Applying for a mortgage is a big process, so that's why our consultants at John Charcol will guide you through your options, timescales and key stages of the application and make sure all your queries are answered before submitting a successful thorough application. 

In this guide:

  • What’s the Mortgage Process?
  • What’s a Decision in Principle?
  • About Mortgage Requirements
  • How Long Does a Mortgage Application Take?

What’s the Mortgage Process?

You should enjoy finding your dream home. It’s a happy, exciting time. But this can be hard to remember when you’re worrying about saving a deposit and keeping up with monthly mortgage payments.

It’s not as overwhelming when you know what to expect at each step in the mortgage process, what you can afford and how long everything will take.

Taking out a mortgage can be time-consuming, depending on your circumstances. Leaving it to the last minute is unrealistic. If you’re unlucky, you may find that by the time you’re finally ready to snap up that perfect property, another buyer has beaten you to it – purely because they were better prepared. Learning about the process makes it easier to start it sooner. It also gives you an idea of what the next few months hold, which means you can start planning your future.

Here are 6 simple steps to a successful mortgage application:

1. Pre-Application
2. Initial Application
3. Assessment and Affordability Checks
4. Valuation
5. Offer
6. Completion

Pre-Application

Before you apply for a mortgage, you need to make sure you’re in a good financial position. Gather credit reports from 3 external bodies and check that there’s no information which could deter a lender. If any information in your credit report is incorrect, contact the agency so they can amend the error as soon as possible.  Lenders may have issues if you’re not on the electoral roll, have previously missed payments on credit commitments or have defaults or county court judgments recorded against you.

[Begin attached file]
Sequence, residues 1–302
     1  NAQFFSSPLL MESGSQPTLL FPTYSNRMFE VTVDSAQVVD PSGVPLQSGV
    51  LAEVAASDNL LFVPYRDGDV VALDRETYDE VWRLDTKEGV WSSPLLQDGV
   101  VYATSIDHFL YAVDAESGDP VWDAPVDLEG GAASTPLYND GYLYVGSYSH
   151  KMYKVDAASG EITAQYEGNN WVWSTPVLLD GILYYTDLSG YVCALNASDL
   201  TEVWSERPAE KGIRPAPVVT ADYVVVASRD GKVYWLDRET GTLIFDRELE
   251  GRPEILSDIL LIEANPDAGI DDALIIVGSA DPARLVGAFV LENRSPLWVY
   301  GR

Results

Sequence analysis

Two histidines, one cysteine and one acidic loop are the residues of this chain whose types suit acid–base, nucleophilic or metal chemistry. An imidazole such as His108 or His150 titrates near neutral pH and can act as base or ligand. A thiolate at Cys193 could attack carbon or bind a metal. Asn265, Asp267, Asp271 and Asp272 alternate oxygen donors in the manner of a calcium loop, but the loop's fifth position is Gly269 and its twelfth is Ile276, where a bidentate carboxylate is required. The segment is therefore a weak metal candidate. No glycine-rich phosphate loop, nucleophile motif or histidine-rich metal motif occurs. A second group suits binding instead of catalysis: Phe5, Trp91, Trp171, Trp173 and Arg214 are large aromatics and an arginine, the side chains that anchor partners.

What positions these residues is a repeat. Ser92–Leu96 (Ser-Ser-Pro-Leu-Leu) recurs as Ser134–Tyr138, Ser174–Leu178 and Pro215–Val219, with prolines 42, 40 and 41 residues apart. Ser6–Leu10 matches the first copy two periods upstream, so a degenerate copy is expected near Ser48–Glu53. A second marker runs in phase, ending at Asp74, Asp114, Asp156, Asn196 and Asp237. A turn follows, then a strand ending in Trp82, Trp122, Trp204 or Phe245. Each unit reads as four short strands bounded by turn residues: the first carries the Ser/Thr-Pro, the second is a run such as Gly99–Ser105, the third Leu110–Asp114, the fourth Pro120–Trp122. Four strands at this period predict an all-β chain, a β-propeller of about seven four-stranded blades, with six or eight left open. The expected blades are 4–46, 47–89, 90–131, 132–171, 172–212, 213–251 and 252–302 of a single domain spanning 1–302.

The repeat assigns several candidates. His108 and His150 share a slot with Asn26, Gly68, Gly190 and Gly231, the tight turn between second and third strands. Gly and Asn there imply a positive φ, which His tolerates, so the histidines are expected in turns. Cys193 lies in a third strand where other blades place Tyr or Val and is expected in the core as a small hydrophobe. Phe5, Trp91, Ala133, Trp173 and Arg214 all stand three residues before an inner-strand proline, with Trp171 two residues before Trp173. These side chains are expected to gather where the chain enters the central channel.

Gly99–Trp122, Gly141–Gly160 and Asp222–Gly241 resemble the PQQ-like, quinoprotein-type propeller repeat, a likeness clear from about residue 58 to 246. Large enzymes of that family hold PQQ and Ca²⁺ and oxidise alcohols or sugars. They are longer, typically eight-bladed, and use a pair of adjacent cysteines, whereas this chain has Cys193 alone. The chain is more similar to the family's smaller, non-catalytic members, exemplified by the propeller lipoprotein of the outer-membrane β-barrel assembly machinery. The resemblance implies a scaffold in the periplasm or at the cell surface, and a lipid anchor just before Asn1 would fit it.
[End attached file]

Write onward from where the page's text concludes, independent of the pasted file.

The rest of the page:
You also need to assess your financial situation. How’s your credit score? Is this the right time to apply for a mortgage? A bad credit score can be severely detrimental to the deals available to you, so consider whether you need to improve your rating before starting your mortgage application.

If you’ve never applied for a mortgage before, you can use our online table to compare mortgage rates for an initial idea of the deals available to you.

There’s a lot of jargon to get your head around when you first start your research, especially if you’re a first-time buyer. Some of the terms you want to look out for include:

  • Mortgage type, e.g. fixed, variable or tracker

The interest rate on your mortgage. Your interest rate won’t change if it’s a fixed-rate, whereas the interest on a variable rate mortgage may move up and down. Tracker rate mortgages are a type of variable rate and are usually directly linked to the Bank of England base rate; they can go up as well as down. 

  • Initial rate

The rate of interest you’ll pay at the start of your mortgage before any introductory rate ends. 

  • Monthly repayments

The amount you must pay each month towards your mortgage once your contract starts based on the product interest rate, the method of repayment and the overall mortgage term. 

  • Mortgage duration

The duration of your mortgage refers to the length of the time that the introductory rate is valid. It may be that you’ve chosen a mortgage rate that’s fixed for an initial period. 

  • Scheme fees 

The money you’ll pay to arrange the mortgage. Scheme fees cover costs such as arrangement, valuation and property surveying. Mortgage fees will typically cost you anywhere from £0 up to £2,000, depending on the chosen product. You’ll also have to pay Stamp Duty on anything above £125,000, or over £300,000 for first-time buyers.

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